Is your analysis of the nitrate contamination problem not biased when some wells are sampled often and others just once?

We compiled a large dataset of groundwater nitrate data from many different sources. Some sources frequently sample their wells:  public water supply wells reporting to the California Department of Public Health, for example, regularly sample and analyze their well water.  In contrast, other programs may only sample a well once:  some counties test domestic wells immediately after construction; some research programs (e.g., the SWRCB GAMA Domestic Well Program) focus on a single survey of a larger number of wells.  Also, some programs have a long history (public wells have been sampled for over 10 years), while others may be short-lived or are brand-new (e.g., the groundwater sampling program under the 2007 Dairy General Order).
We therefore investigated the dataset in multiple ways and report data at various levels. Technical Report 4 (Chapter 5) provides tables and figures that break down nitrate occurrence by sampling program, by region, and by time period, among others. The study accounts for the fact that some wells are sampled once, while others are sampled many times. We also take into account the fact that nitrate concentration is not "normal" distributed, and therefore special statitistical methods are required.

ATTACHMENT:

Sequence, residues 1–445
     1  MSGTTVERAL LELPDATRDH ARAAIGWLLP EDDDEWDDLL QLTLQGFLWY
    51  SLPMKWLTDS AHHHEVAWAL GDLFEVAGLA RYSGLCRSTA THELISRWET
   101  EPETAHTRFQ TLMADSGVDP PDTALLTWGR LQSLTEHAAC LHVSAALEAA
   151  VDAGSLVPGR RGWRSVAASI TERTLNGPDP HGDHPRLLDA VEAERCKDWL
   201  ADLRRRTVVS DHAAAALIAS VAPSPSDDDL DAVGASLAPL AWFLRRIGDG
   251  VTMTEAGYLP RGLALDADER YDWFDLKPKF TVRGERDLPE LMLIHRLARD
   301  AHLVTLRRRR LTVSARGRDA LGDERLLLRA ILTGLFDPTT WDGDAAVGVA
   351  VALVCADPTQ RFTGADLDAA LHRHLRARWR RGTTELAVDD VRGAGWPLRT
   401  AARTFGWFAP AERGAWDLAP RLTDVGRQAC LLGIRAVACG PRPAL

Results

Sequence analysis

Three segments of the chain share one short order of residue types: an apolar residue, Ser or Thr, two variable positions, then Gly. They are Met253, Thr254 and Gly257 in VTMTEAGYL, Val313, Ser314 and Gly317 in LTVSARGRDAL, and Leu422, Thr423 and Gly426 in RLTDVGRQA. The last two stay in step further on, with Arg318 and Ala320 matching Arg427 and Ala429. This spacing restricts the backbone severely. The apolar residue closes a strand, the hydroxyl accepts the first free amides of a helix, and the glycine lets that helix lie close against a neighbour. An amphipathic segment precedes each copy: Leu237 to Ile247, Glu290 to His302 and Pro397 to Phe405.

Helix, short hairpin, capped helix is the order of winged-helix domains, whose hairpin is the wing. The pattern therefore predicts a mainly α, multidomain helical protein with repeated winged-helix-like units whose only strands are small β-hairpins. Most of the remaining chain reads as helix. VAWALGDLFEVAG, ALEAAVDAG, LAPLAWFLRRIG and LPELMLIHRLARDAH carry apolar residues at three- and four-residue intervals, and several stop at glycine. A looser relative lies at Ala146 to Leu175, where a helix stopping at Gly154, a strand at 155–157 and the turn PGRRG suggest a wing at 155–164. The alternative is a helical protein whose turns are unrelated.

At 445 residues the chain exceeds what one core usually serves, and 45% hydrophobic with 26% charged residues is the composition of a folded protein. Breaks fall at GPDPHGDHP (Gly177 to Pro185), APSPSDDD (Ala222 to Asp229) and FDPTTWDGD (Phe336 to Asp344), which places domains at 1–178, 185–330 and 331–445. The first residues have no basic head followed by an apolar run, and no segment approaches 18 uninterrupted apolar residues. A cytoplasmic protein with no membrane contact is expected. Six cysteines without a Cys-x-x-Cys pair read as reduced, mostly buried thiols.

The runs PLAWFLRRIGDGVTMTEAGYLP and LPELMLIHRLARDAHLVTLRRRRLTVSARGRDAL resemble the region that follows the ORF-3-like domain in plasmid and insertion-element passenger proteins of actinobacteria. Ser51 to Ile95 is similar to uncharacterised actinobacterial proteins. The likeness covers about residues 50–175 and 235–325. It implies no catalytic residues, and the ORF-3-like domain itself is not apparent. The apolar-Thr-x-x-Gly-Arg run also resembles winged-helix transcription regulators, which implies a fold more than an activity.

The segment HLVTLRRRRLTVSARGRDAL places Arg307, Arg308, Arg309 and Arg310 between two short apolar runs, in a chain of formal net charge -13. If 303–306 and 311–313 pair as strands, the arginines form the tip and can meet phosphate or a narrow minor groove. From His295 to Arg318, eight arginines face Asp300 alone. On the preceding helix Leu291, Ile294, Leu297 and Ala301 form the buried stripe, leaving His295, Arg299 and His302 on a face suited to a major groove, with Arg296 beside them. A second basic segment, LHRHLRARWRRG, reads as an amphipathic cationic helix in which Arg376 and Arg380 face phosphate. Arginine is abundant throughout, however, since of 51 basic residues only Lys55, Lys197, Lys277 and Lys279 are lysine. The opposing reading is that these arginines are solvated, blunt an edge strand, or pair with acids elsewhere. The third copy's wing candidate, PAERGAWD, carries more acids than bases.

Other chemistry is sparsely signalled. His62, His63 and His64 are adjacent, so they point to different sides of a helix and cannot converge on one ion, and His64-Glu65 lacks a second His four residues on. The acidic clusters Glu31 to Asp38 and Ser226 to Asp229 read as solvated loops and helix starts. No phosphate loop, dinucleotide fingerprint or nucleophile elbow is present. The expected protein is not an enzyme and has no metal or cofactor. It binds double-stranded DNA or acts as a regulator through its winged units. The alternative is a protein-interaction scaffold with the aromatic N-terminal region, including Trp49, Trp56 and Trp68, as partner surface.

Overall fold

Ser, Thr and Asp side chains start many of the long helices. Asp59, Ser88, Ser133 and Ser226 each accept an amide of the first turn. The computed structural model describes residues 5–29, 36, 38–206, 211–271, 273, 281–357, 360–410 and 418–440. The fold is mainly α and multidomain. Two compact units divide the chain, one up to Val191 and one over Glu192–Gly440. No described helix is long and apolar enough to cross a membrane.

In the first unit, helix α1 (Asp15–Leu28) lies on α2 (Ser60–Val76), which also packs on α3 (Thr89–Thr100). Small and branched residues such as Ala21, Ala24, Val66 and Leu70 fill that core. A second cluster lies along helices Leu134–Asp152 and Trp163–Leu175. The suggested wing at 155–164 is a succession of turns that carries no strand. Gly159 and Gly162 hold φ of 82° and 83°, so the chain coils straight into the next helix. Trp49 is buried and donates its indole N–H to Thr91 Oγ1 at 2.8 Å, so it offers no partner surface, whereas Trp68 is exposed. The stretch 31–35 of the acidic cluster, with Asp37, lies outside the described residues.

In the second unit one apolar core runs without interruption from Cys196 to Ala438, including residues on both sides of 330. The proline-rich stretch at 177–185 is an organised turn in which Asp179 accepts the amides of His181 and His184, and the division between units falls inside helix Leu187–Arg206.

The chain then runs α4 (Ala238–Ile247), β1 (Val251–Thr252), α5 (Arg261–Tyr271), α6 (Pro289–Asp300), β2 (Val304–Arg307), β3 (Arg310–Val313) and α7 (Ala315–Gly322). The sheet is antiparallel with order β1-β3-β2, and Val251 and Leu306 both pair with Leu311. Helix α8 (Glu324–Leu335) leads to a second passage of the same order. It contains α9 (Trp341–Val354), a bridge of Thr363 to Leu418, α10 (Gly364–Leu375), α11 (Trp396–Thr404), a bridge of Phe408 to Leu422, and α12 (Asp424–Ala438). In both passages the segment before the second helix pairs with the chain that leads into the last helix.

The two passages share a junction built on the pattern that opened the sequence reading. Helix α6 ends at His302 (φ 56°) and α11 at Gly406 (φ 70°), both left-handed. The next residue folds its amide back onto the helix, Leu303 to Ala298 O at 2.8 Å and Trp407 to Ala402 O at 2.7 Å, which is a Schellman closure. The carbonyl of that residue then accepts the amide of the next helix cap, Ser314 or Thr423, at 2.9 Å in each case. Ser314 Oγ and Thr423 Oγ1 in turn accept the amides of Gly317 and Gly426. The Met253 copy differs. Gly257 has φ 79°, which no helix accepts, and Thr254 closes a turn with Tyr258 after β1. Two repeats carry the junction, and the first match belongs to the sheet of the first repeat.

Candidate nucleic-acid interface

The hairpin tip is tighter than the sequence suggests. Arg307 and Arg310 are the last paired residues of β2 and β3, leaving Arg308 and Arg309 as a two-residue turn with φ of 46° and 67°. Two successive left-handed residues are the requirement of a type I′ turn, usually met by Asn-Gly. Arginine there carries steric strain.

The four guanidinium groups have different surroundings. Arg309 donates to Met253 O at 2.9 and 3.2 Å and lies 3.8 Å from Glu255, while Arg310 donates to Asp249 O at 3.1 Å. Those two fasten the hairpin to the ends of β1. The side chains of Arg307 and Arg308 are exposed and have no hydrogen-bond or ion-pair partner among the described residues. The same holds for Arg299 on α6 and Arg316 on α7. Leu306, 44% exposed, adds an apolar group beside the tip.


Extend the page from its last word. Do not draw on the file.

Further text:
How do you account for the fact that some areas that are particularly polluted have a lot of wells, but other areas with no pollution have almost no wells? Even if you account for the fact that some wells are sampled once and others many times, doesn't this really skew your results?

We used a spatial declustering technique that was first implemented by the U.S. Geological Survey. Technical Report 4 (Chapter 5) explains the methodology we used and presents results obtained after the spatial declustering was performed. We divided the study area into five major groundwater regions. Each groundwater region was divided into equal areas, and for each equal area, we determined a representative nitrate value that also account for the generally skewed distribution of nitrate among wells. Our methodology is consistent with advanced techniques used by the U.S. Geological Survey and other researchers in the field.